Colvin’s debut work is a sweet series of vignettes by a doting grandmother.
In her nonfiction account of the joys of being a grandmother, Colvin tells a series of Chicken Soup for the Soul-esque stories, centering mostly on the learning experiences of her two eldest grandchildren, KeeKee and TraTra. With a clear, readable prose, Colvin shares stories about how her beloved grandchildren interact with one another, solve conflicts and even argue. Colvin, a retired United States Air Force Nurse Corps officer, even learns a few lessons herself. While the book is an easy, feel-good read, it glosses certain significant details. Colvin doesn’t delve into why her grandchildren spend so much time with her and not their respective parents; she also focuses on the two older grandchildren in her brood of six, leaving the reader wondering about the remaining four. But Colvin does share some wise words regarding grandparenting. For one, she admits that she sometimes loves her grandchildren more than her own children. She also brings to light what nearly every grandparent knows but is hard-pressed to explain: Grandchildren really do make you see the world in a whole new light; they bring all the innocent and unbridled love that children do, yet grandchildren involve much less work and worry. Instead, Colvin and her husband can focus on the here and now. Colvin’s descriptions shine throughout, including one tale of spending three weeks with KeeKee and TraTra at her own mother’s house. The group frolicked in the sun, cooked together and generally just basked in generations of family.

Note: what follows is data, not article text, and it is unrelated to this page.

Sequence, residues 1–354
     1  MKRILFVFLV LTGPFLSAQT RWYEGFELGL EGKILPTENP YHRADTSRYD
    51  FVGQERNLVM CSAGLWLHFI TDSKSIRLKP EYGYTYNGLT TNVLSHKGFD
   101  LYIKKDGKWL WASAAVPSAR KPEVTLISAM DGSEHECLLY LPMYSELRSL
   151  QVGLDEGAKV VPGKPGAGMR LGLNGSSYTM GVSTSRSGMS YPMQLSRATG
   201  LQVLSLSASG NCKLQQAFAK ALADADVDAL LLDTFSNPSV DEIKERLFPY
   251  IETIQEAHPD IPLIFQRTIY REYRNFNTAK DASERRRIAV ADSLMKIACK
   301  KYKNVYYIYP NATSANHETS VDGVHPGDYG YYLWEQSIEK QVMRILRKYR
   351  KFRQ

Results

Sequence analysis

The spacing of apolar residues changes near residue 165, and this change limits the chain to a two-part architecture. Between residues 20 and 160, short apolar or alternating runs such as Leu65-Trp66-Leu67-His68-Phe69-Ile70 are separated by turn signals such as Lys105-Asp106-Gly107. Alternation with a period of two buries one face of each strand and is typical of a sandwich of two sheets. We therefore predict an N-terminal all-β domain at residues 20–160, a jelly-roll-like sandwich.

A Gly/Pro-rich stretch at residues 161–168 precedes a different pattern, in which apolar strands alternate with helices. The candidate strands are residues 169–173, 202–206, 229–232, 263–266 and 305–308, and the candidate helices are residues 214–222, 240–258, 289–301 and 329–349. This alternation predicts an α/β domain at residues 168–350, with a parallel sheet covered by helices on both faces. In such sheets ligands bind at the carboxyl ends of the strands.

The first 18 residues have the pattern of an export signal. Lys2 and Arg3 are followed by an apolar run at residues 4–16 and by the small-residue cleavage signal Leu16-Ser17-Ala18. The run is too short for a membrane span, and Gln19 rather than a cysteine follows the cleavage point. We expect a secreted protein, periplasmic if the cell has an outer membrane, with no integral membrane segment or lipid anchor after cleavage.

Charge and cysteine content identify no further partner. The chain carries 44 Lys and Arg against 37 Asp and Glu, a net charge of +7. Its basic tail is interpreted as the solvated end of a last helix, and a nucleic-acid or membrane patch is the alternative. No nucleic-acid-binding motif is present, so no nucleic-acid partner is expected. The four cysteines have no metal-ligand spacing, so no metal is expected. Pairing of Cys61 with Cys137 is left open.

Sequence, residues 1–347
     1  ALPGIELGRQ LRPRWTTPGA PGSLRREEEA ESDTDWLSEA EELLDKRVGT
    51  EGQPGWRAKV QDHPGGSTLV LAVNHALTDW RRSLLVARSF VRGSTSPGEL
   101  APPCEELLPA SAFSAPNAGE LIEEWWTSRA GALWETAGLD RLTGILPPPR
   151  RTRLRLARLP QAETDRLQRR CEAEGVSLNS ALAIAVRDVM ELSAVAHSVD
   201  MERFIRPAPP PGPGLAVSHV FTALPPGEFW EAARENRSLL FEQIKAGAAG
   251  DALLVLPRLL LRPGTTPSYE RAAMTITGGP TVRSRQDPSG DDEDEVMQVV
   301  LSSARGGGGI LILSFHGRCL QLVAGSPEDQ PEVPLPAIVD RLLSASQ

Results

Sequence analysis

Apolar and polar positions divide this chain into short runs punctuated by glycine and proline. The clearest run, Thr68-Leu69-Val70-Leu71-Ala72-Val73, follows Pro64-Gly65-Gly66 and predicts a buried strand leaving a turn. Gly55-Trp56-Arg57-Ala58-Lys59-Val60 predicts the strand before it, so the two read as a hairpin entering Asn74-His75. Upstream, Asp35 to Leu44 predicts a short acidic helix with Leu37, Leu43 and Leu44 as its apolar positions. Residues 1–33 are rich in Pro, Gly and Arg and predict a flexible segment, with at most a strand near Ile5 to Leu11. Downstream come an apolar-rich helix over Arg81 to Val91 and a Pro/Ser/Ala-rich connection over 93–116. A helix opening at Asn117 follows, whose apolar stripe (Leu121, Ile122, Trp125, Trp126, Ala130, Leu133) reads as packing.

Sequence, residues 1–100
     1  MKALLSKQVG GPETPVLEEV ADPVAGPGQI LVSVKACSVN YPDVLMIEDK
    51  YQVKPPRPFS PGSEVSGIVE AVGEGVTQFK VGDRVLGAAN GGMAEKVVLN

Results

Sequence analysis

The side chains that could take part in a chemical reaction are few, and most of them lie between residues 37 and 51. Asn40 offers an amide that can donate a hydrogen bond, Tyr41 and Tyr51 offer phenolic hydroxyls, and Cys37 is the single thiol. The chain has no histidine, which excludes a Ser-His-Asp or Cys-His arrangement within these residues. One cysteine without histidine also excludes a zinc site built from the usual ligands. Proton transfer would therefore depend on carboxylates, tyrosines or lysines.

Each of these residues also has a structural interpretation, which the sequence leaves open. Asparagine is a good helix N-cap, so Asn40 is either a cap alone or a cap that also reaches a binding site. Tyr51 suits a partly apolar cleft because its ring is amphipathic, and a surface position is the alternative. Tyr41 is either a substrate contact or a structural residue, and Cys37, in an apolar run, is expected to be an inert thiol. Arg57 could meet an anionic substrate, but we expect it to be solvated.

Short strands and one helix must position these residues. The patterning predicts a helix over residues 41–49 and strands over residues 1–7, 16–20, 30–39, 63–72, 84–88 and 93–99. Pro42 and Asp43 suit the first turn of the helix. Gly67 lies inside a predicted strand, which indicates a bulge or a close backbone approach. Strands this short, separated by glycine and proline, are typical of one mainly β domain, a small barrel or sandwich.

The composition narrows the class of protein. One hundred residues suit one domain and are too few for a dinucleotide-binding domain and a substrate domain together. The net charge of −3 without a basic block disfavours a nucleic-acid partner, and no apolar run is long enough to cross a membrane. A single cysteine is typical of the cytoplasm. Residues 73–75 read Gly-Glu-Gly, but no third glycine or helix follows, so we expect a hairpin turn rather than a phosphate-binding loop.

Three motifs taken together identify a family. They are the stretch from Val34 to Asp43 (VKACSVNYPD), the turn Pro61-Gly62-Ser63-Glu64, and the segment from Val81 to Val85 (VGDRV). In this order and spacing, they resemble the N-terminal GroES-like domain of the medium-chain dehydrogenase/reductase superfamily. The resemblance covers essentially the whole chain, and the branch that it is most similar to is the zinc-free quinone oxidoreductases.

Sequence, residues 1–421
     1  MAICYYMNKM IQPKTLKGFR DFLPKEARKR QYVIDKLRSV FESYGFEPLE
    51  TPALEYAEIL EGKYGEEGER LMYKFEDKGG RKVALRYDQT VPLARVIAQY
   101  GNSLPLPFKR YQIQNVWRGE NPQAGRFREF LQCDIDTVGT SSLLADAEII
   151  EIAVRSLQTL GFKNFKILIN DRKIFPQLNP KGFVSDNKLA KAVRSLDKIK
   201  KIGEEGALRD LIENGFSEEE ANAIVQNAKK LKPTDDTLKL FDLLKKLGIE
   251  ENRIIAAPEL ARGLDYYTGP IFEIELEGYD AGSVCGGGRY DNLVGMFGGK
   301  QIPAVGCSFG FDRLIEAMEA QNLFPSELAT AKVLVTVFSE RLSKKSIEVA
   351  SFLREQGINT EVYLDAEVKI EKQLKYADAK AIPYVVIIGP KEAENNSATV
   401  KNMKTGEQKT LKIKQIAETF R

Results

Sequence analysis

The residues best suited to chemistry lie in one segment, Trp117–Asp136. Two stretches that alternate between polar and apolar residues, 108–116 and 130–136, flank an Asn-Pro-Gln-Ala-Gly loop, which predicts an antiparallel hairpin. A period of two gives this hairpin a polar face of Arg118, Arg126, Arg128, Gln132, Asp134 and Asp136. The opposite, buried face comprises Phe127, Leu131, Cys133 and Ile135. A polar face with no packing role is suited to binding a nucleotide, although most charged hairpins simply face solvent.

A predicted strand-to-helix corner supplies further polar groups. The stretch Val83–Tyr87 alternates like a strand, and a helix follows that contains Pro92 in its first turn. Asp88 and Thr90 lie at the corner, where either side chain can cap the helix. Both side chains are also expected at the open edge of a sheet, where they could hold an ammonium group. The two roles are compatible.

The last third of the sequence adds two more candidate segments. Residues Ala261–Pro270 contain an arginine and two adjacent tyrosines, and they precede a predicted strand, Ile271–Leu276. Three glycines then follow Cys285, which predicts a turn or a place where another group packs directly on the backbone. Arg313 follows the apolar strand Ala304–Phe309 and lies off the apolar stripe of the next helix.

While at times a bit saccharine, a worthy, heartfelt effort.